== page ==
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Doubts over value of MD program

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Critics have questioned the value of the University of Sydney’s flagship Doctor of Medicine (MD) program, due to commence next year.

The program, accredited by the Australian Medical Council, will give postgraduate medical students opportunities to improve their research experience.

It is a four-year professional postgraduate entry course, which aims to ensure excellent clinical skills and preparedness for practice, give first-hand experience in research, and provide experience and awareness of health in an international setting.

In the first and second year, students will receive clinical training on campus and in their clinical schools.

In the final two years, however, training will be conducted in a variety of settings including hospitals in community, metropolitan, urban, and rural areas.

Topics covered in the curriculum will include basic and clinical services, patient and doctor, population medicine, and personal and professional development.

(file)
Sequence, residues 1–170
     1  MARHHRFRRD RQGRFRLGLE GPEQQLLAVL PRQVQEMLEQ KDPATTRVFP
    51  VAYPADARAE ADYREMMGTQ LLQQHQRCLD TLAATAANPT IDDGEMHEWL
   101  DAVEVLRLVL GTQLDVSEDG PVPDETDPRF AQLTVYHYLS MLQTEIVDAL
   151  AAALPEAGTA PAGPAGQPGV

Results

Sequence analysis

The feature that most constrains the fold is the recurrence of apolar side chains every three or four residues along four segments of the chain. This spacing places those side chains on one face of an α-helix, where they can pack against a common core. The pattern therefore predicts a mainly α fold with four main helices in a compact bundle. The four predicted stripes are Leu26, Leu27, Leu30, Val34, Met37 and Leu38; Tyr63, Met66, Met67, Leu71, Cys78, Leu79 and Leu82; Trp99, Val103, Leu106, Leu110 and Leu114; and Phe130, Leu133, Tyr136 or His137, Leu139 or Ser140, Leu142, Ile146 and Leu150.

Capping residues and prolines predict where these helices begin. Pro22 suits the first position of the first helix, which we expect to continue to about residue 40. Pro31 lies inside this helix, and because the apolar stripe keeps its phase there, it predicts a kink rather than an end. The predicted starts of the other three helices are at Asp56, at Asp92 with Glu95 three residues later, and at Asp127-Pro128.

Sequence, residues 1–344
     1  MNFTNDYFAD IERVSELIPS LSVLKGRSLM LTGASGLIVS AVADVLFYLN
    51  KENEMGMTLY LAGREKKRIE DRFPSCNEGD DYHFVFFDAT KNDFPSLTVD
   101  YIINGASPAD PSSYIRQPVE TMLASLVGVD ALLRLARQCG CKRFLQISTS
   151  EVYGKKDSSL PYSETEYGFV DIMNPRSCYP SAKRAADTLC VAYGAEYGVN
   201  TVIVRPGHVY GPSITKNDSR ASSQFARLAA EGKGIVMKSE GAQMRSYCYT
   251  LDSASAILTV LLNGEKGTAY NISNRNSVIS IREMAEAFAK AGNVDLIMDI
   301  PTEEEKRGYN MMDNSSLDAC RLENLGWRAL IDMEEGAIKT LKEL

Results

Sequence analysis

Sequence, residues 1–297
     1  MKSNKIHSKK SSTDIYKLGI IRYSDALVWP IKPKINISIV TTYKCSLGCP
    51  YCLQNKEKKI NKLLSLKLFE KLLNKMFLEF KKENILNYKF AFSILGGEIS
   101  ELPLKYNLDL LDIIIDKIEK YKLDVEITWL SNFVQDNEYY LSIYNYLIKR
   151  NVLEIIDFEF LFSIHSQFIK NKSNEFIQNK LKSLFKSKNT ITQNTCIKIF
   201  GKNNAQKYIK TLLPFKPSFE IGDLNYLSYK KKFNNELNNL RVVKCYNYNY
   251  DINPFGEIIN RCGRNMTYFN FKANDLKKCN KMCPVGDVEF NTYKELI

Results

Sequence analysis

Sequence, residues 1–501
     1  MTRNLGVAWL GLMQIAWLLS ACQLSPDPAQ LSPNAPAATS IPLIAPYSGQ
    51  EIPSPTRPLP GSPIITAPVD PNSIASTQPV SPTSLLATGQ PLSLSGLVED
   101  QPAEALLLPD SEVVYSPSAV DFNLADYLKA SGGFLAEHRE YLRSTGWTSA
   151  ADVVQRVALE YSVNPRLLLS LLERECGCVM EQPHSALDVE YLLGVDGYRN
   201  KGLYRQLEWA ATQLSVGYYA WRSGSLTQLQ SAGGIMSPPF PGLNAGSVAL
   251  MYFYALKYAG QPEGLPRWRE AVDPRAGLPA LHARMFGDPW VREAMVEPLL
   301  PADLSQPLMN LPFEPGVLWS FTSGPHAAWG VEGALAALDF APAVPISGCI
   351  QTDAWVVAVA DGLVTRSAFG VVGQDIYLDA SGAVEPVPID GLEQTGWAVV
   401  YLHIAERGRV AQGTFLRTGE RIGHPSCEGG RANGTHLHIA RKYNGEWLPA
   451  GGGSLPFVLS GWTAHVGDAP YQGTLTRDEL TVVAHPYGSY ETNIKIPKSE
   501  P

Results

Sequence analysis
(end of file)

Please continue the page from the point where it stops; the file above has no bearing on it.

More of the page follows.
But there are concerns that students will be lured into undertaking the course for little additional benefit compared with existing programs.

Even though the MD program will allow students to expand their research experience, there is scepticism that it is qualitatively different to existing MBBS programs.

Australian Medical Students’ Association President Mr Ben Veness said he did not view the MD program as a worthwhile innovation, arguing that current MBBS programs offered a very positive and holistic university experience.

“It unfairly suggests the MBBS degrees do not have the same [clinical] quality as the MD, but the only difference is that the MD requires an extra level of research exposure,” he said.

Sanja Novakovic

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